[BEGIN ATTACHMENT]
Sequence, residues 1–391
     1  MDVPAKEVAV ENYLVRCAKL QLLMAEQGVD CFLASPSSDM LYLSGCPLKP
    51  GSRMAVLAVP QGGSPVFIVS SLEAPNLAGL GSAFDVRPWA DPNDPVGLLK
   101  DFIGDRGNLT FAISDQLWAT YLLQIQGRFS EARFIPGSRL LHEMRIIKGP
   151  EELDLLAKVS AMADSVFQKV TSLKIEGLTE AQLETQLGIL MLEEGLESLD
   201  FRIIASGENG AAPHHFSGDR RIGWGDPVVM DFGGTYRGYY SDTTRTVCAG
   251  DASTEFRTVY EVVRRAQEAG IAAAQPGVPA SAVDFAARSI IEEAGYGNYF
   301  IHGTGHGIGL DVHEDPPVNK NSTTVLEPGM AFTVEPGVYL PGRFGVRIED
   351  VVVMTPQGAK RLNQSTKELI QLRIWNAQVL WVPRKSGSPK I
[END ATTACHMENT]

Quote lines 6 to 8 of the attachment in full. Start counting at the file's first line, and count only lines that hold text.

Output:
   201  FRIIASGENG AAPHHFSGDR RIGWGDPVVM DFGGTYRGYY SDTTRTVCAG
   251  DASTEFRTVY EVVRRAQEAG IAAAQPGVPA SAVDFAARSI IEEAGYGNYF
   301  IHGTGHGIGL DVHEDPPVNK NSTTVLEPGM AFTVEPGVYL PGRFGVRIED